To whom it may concern:
I will defend that noon is 12:00 PM and midnight is 12:00 AM. I believe that there is an educational problem due to a misinterpretation of the Latin terms and thus, a geographical misconception results. The vast majority of cultures outside of Asia honor solar versus lunar systems and English culture recognizes the sun due to religious symbolism. When the moon rises or sets fails to matter since we are more focused with solar time, as human beings are generally diurnal in nature.
In English, a.m. means "before midday", which comes from the Latin "ante meridiem" and viceversa, p.m. would mean "after midday" with the Latin being "post meridiem".
A certain solar and lunar phenomenon reflects this idea: in the diagram found at the following URL:
http://www.englishclub.com/vocabulary/t ... -night.htm
, noon and midnight are represented by a vertical line running down the y-axis while sunrise and sunset would be represented by a horizontal line running across the x-axis: solar time. According to the seasonal time of the year, the sun rises in the East and sets in the West around the globe. In the Northern Hemisphere, at noon, the sun indicates due South while at midnight, the moon also points out due South. In the Southern Hemisphere, the opposite would be true with the sun and moon pointing towards North.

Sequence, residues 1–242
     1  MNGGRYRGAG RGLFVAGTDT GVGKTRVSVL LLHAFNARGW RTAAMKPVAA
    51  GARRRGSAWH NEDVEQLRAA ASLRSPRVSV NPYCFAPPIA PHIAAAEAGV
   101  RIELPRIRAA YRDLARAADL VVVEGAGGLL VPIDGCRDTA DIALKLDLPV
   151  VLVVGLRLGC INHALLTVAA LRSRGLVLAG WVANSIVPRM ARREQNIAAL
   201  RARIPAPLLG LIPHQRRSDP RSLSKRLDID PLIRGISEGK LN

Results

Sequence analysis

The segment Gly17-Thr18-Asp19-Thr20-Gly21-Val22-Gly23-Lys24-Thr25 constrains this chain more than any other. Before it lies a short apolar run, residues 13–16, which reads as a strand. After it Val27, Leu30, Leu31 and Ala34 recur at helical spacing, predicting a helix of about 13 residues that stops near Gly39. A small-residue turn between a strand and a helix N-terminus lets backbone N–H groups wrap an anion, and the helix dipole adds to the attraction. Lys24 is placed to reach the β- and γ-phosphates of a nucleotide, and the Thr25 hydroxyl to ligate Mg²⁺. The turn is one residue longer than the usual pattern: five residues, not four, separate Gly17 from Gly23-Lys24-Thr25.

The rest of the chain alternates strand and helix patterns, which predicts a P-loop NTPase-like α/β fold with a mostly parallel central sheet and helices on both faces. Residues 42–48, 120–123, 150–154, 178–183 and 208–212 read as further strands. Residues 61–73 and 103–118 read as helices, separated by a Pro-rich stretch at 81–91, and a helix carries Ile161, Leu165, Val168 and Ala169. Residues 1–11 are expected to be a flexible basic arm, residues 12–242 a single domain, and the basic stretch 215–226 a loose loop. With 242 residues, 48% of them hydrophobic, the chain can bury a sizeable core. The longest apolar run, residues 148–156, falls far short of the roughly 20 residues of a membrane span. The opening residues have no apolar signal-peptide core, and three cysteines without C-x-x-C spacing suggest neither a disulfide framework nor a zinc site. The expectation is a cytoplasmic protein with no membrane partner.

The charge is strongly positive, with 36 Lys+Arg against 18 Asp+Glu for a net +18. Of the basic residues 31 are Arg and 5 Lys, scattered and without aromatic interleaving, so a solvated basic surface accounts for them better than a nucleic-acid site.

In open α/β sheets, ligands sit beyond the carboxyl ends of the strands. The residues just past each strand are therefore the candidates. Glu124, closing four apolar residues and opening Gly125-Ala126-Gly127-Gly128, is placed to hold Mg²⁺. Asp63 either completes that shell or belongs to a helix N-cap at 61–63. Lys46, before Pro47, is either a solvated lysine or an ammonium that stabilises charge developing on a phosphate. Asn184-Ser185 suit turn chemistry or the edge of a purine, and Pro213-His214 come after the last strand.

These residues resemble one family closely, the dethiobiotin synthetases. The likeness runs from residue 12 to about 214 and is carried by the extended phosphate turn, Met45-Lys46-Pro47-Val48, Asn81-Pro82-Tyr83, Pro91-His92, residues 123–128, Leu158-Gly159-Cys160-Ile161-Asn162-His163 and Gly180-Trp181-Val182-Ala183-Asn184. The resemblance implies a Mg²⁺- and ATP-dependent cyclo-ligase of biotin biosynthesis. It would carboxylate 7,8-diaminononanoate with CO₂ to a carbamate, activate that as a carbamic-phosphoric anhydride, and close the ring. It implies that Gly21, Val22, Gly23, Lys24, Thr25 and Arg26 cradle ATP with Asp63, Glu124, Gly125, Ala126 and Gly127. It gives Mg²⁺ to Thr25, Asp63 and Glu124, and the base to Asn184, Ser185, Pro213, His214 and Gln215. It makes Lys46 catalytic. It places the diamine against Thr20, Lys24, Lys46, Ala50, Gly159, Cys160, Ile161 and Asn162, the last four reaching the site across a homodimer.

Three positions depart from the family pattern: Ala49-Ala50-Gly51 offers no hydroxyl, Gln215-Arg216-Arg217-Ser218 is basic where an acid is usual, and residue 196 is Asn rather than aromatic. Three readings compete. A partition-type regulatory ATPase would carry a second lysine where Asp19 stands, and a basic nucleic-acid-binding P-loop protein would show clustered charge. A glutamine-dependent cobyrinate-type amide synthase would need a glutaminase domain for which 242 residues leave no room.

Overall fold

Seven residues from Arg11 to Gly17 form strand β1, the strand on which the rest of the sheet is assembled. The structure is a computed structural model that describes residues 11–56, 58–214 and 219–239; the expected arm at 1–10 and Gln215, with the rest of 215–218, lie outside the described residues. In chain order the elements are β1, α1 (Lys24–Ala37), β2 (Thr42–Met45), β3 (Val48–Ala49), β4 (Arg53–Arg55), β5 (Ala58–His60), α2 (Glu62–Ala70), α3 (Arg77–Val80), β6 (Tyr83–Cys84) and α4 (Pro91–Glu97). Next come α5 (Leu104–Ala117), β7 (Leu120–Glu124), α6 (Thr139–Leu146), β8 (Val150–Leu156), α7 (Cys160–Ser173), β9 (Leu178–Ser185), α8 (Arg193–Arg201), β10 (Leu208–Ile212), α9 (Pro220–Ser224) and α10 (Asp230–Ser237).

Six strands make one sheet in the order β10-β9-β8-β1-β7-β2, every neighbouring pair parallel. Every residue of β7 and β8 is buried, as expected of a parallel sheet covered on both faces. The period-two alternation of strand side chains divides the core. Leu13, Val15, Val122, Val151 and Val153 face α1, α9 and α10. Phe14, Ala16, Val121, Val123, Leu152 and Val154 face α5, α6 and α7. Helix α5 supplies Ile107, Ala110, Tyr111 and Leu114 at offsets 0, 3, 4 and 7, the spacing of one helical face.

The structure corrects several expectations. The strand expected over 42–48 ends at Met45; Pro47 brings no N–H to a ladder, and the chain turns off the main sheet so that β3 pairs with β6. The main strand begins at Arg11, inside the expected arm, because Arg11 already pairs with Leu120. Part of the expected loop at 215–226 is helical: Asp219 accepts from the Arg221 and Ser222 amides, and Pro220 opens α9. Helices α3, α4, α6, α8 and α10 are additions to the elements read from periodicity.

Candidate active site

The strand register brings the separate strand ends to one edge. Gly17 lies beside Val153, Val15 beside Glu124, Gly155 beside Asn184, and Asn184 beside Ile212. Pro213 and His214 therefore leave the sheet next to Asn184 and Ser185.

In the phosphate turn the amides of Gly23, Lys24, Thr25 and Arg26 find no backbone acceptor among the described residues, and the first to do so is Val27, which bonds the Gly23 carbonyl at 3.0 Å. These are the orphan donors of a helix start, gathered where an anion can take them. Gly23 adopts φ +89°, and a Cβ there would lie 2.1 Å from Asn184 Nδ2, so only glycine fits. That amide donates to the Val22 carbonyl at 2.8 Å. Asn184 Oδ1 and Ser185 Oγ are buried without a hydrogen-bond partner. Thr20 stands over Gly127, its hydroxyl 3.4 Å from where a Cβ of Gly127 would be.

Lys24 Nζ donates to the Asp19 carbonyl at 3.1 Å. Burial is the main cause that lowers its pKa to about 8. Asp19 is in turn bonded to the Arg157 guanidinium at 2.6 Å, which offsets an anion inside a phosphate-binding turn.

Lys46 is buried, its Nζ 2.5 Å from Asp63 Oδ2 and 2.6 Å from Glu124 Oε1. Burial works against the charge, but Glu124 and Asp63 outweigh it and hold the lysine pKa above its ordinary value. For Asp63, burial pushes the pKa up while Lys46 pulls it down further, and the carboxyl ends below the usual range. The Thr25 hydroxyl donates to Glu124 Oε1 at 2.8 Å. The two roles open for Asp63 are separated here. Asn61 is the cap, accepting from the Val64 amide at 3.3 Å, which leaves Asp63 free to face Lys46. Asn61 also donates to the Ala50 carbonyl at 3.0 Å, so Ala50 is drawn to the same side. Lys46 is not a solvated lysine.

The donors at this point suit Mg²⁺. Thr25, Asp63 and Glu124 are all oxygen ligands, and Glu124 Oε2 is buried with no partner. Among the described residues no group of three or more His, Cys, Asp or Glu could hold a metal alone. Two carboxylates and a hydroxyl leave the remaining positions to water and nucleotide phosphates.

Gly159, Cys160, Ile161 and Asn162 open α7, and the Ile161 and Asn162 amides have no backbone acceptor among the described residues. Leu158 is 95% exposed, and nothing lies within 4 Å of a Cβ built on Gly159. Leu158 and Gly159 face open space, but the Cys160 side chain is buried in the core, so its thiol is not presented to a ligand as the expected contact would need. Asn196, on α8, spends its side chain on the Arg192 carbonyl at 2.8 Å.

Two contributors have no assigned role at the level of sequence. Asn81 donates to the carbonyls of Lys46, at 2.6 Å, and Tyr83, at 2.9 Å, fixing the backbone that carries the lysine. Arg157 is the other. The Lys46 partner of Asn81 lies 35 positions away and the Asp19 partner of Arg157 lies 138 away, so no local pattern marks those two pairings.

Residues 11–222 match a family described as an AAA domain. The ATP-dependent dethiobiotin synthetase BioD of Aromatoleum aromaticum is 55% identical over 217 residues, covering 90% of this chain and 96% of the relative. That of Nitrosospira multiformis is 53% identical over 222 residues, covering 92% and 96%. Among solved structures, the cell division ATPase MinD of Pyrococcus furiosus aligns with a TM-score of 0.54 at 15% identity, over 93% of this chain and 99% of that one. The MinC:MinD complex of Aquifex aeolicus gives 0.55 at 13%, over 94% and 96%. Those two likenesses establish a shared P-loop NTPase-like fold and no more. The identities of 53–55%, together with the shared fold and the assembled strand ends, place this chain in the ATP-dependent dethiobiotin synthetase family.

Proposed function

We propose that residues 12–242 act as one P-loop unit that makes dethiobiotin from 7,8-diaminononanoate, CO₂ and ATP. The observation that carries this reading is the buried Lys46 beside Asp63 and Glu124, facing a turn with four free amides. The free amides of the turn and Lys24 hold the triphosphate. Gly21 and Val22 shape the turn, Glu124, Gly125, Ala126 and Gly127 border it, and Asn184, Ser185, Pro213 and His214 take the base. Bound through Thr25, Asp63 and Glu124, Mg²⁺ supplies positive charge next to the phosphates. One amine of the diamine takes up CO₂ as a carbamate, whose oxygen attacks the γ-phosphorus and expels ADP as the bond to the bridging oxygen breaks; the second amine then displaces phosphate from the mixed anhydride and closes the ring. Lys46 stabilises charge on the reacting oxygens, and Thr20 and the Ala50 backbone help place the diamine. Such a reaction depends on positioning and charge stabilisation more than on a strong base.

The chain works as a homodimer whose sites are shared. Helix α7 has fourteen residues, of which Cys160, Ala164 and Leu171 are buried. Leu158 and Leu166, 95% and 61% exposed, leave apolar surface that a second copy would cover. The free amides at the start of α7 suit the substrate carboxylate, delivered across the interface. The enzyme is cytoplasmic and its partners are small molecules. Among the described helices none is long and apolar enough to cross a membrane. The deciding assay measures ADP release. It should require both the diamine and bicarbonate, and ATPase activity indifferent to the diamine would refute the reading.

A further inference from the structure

Logic would argue that the sun rises before the sun passes the merdian overhead and that the sun sets after the sun passes the same zenith. I point out that the aforementioned diagram also mistakenly reflects that a person would encounter more than one meridian since the moon would pass the same zenith overhead in the sky.
Linguistically, I would argue that this question is just confusion, generated from a poorly constructed diagram, between the semantics of "before" and "after". Midnight, the start of a new day, and noon are definitely occur before the sun passes the meridian: one milisecond after noon would be after the sun passes the zenith while one nanosecond after midnight would still be before the sun passes the same imaginary zenith. To end this debate, I would like to point out that the etymology of the word "noon" comes from the Latin ordinal number "nona" for the ninth hour after sunrise: hence PM.
At the time of English cultural development, religious dualism with binary forces greatly affected the development of the English language:
a.m.. (n.d.). The American Heritage® Dictionary of the English Language, Fourth Edition. Retrieved August 24, 2006, from Dictionary.com website: http://dictionary.reference.com/search?q=a.m.&x=0&y=0
noon. (n.d.). The American Heritage® Dictionary of the English Language, Fourth Edition. Retrieved August 24, 2006, from Dictionary.com website: http://dictionary.reference.com/search?q=noon&x=0&y=0
Eric Paul Monroe